ADH shares tips to reduce lead exposure in young children

The ADH will be participating in multiple activities in Arkansas throughout the week.
The ADH will be participating in multiple activities in Arkansas throughout the week.(WEAU)
Published: Oct. 26, 2023 at 10:17 PM CDT
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JONESBORO, Ark. (KAIT/Edited News Release) - National Lead Poisoning Prevention Week highlights the many ways parents, caregivers, and communities can reduce children’s exposure to lead and prevent its serious health effects.

To raise awareness of childhood lead poisoning prevention, the Arkansas Department of Health, the Centers for Disease Control and Prevention, the U.S. Environmental Protection Agency, and the U.S. Department of Housing and Urban Development, are participating in NLPPW from Oct. 22 to 28.

The ADH will be participating in multiple activities in Arkansas throughout the week. To learn more about lead exposure, visit ADH’s Lead-Based Paint program at the following events in support of NLPPW:

  • Monday, Oct, 23: Make It Pink Health Fair, Forrest City Medical Center, Forrest City, 11 a.m. – 4 p.m.
  • Thursday, Oct, 26: Community Health Fair, Bill Thomas Technology Center, Wynne, 9 a.m. – 2 p.m.
  • Thursday, Oct, 26: Big Boo!seum Bash, Witt Stephens Jr. Nature Center, Little Rock, 5:30 p.m. – 8:30 p.m.
  • Saturday, Oct. 28: Arkansas Minority Health Commission & Sebastian County NAACP Community Health Fair, St. James Missionary Baptist, Fort Smith, 10 a.m. – 2 p.m.

Lead has been banned in the United States in paint and gasoline since the 1970s. Exposure to lead can result in lead poisoning, which occurs when lead enters the bloodstream and builds up to toxic levels.

It is especially dangerous for children six years old and younger as their bodies are still developing and growing rapidly. The effects of lead poisoning during early childhood development can be severe.

Even in small amounts, lead can cause damage to the brain and nervous system which can result in learning and behavior problems, delayed growth and development, as well as other health-related problems. Some of these effects may persist beyond childhood. For pregnant women, harmful effects include premature births, smaller babies, and miscarriage. There is no safe level of lead exposure.

Despite the continued presence of lead in the environment, lead poisoning is preventable. The key is preventing children from coming into contact with lead. In 2022, there were 274 children in Arkansas reported to have an elevated blood lead level.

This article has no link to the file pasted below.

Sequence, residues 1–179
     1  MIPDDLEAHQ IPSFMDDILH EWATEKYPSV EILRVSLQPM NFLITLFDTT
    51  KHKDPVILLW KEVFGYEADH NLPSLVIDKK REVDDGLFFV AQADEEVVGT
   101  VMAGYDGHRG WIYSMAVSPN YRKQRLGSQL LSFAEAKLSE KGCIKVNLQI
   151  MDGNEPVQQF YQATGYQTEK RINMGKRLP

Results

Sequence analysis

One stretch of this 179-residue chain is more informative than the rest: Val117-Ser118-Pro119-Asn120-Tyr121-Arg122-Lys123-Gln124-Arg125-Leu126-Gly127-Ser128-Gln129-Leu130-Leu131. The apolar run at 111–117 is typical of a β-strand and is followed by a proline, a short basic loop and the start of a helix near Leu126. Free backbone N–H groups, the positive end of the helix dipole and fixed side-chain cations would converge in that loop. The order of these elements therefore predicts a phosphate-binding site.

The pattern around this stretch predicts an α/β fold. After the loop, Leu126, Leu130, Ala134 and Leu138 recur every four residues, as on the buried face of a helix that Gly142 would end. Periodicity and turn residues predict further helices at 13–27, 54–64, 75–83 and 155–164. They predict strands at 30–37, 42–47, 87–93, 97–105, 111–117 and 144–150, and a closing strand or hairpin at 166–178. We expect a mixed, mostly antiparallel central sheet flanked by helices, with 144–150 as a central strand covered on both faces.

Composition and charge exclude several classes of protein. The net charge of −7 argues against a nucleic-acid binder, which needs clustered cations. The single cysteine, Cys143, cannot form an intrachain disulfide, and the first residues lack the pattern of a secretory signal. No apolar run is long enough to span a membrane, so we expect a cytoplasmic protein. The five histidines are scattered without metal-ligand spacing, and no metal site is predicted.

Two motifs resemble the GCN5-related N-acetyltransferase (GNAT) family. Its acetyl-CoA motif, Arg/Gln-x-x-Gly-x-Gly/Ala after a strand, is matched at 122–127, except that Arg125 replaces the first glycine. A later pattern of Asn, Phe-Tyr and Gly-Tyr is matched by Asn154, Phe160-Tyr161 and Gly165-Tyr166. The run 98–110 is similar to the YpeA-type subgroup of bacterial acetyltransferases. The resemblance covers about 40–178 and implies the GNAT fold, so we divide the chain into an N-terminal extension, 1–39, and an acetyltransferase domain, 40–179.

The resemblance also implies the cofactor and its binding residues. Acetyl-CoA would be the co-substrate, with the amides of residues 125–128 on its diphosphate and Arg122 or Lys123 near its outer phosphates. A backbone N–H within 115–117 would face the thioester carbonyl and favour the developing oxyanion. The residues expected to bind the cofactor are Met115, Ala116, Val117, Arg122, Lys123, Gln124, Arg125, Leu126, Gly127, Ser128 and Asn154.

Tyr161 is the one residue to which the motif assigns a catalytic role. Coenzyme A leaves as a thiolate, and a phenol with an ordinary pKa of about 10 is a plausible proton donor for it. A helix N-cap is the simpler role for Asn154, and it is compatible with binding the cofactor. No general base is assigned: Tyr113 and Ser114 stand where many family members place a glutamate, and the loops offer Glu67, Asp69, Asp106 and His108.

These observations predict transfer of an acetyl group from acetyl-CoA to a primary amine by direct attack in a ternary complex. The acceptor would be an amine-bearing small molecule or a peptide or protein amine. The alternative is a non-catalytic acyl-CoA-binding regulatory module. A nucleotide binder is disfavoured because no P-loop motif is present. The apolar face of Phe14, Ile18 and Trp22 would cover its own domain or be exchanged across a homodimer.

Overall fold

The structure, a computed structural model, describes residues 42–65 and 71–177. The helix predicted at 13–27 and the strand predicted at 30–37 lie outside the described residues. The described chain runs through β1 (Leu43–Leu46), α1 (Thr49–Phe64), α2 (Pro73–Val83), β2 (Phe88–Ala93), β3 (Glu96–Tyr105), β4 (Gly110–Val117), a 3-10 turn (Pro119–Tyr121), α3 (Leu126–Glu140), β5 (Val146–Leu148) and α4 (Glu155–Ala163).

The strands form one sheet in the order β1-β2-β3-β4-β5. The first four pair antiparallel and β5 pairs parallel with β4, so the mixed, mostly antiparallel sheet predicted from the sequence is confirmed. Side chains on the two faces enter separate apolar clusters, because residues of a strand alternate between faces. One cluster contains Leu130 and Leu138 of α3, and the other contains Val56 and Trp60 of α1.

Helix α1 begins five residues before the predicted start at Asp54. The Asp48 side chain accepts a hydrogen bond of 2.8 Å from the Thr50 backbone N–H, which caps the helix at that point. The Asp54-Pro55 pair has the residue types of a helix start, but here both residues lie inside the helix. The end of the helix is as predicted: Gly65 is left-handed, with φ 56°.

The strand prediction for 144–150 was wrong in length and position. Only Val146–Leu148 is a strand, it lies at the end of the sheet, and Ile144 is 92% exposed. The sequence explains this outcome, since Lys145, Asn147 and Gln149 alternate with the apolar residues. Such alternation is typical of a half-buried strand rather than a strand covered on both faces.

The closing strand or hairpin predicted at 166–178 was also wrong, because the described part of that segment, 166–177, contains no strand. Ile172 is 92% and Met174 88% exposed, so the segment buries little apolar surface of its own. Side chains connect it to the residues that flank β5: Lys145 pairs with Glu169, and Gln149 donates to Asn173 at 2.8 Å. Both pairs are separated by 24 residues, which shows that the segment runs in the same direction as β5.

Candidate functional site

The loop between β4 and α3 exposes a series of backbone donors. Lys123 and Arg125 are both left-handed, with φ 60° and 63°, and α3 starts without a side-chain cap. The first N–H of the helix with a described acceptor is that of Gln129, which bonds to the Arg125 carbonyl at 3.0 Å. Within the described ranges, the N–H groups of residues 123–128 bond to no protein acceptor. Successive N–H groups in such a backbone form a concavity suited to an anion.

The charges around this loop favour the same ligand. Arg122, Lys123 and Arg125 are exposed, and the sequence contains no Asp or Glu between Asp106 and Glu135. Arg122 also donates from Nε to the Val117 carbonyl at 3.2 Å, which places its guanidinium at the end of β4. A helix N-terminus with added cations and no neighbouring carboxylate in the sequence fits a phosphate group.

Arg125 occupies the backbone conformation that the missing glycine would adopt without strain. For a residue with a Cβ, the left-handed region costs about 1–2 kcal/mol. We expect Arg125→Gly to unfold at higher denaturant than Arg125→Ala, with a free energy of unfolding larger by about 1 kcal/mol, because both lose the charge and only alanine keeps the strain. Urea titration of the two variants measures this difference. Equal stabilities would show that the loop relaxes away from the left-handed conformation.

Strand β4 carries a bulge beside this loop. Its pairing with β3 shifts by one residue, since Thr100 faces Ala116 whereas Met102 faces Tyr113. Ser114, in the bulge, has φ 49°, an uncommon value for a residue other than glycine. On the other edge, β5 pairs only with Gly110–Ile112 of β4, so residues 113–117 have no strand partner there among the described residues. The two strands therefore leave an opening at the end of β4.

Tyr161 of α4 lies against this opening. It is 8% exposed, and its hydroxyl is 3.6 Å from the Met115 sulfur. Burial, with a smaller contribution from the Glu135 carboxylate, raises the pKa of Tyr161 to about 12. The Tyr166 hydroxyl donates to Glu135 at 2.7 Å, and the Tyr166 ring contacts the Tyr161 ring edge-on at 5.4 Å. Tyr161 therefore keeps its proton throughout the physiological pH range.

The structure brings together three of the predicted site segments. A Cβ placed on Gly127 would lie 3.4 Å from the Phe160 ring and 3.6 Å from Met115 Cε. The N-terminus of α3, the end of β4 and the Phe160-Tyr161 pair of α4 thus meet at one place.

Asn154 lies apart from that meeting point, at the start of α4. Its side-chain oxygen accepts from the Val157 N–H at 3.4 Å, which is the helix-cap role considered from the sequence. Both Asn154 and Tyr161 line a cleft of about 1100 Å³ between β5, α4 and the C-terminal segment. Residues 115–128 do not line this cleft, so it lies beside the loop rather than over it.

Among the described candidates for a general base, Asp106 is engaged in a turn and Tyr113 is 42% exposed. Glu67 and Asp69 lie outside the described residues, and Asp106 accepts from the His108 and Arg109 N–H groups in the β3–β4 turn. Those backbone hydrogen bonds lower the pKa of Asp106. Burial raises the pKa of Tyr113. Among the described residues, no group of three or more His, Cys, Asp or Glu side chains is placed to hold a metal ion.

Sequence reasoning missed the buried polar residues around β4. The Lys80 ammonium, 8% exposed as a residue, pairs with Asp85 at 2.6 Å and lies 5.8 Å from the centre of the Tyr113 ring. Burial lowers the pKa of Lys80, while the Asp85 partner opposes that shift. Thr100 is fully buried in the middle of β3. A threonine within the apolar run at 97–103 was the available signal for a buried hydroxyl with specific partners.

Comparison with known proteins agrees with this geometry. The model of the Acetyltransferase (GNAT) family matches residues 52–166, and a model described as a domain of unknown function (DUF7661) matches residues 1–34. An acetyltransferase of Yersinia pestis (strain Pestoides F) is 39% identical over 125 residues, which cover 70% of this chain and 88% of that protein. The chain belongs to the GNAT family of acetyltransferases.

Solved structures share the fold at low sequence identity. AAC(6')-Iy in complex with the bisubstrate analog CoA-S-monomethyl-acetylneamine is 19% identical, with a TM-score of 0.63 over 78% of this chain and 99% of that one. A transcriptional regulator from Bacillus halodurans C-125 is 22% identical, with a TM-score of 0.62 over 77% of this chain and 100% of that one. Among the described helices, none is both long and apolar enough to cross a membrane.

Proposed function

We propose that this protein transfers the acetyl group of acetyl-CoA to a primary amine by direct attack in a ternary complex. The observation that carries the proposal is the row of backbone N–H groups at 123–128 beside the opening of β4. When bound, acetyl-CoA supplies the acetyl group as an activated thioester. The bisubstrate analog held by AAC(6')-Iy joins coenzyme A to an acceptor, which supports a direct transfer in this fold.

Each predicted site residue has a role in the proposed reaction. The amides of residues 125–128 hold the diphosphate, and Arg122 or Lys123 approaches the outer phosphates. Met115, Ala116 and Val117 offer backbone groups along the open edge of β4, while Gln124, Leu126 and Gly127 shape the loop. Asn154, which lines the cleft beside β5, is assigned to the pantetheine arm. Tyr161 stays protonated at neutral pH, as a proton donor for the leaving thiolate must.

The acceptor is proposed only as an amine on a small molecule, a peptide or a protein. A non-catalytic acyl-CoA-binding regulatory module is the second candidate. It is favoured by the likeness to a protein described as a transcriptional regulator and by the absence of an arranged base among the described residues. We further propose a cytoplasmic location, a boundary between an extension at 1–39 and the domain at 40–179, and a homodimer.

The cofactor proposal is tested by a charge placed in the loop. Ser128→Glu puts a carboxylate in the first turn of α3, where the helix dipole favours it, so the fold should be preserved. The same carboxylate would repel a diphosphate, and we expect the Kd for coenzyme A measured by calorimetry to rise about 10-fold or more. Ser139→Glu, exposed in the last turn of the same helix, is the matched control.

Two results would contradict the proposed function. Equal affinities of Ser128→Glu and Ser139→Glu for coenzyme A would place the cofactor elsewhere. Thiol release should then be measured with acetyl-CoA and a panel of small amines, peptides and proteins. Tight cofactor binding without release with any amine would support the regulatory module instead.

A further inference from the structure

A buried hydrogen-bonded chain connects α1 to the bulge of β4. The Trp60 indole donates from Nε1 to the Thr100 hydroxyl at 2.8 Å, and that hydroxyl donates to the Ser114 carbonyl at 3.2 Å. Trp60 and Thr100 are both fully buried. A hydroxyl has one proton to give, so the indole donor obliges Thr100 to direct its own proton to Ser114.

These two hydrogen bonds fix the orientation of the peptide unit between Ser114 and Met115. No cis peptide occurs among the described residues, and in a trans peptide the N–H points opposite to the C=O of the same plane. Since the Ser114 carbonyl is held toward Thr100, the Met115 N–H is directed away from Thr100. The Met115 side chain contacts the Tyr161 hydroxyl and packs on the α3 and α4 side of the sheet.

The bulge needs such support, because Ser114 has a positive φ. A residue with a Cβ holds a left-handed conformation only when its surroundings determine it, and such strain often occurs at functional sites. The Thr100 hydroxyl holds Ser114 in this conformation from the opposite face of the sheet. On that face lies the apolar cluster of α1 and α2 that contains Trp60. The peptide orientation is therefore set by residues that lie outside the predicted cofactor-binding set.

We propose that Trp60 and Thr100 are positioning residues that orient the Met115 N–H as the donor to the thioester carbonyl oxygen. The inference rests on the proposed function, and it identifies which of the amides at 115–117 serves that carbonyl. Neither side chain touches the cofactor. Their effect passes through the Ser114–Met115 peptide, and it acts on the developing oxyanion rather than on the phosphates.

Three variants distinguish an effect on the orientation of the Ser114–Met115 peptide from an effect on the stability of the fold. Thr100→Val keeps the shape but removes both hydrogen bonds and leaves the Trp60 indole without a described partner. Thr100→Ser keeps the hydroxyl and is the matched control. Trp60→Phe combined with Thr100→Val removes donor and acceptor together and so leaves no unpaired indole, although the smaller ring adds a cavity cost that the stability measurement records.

A common source of lead exposure is from deteriorated lead-based paint, which was used inside and outside many homes built before 1978 and in other buildings and steel structures, that may be nearby or adjacent to homes. According to the CDC, 3.3 million American households with children under 6 years old have lead exposure hazards from lead in deteriorated paint, dust, or soil. Children can also be exposed to lead in drinking water, take-home exposures from a workplace, lead in soil, and from some metal toys or toys painted with lead-based paint. A simple blood test may be able to help prevent permanent damage from occurring.

The NLPPW theme, “Together, we can prevent lead exposure!” underscores the importance of learning how to prevent lead poisoning as well as testing your home and your child.

Parents can reduce a child’s exposure to lead in many ways. Here are some simple ways to protect your family:

  • Get the Facts: Find out about the hazards of lead. The Arkansas Department of Health (ADH) can provide you with helpful information about preventing childhood lead poisoning. Contact them at 501-671-1472 or review the ADH Lead-Based Paint program website here.
  • Get Your Child Tested: A blood test is the best way to find out if a child has lead poisoning. Consult your doctor for advice on testing your children.
  • Get Your Home Tested: Find out how to minimize risks of lead exposure by hiring a certified professional to test older homes for lead. Water pipes in some older homes may contain lead solder where lead may leach out into the water. Learn more about lead in drinking water here.

The only way to fully rid a pre-1978 home of lead is to remove it. Abatement should always be done by a state-certified contractor. Abatement involves the removal of lead-based paint and dust-lead hazards; the permanent covering or encapsulation of lead-based paint; the replacement of parts or fixtures painted with lead-based paint; and the removal or permanent covering of soil-lead hazards, as well as all set-up, cleanup, disposal, and post abatement clearance testing actions linked to such measures. For a list of Arkansas lead accredited companies and personnel, please visit the ADH Lead-Based Paint program website.

Owners of homes built prior to 1978 who do not wish to fully abate, or remove, lead hazards should be careful when disturbing lead-based paint. Homeowners should only hire federally-certified Renovation, Repair, and Painting (RRP) program contractors, to make sure that the work is done in a lead-safe way. This protects people living in the home from hazards connected with renovation, repair, and painting. Done in the wrong way, these activities can create harmful leaded dust when lead paint is disturbed.

Further steps you can take to reduce exposure are:

  • Wash your child’s hands before meals and after playing outside.
  • Provide your child with meals and snacks that are high in iron, calcium, and vitamin C.
  • Frequently wash toys, pacifiers, and other items your child uses regularly.
  • Use wet methods to clean, including dusting and mopping.
  • Have your family members leave their shoes outside the door.
  • Ensure that any home renovation and maintenance work is done in a lead-safe way.

For more information, contact the Lead-Based Paint program at 501-671-1472 or contact the National Lead Information Center at 1-800-424-LEAD.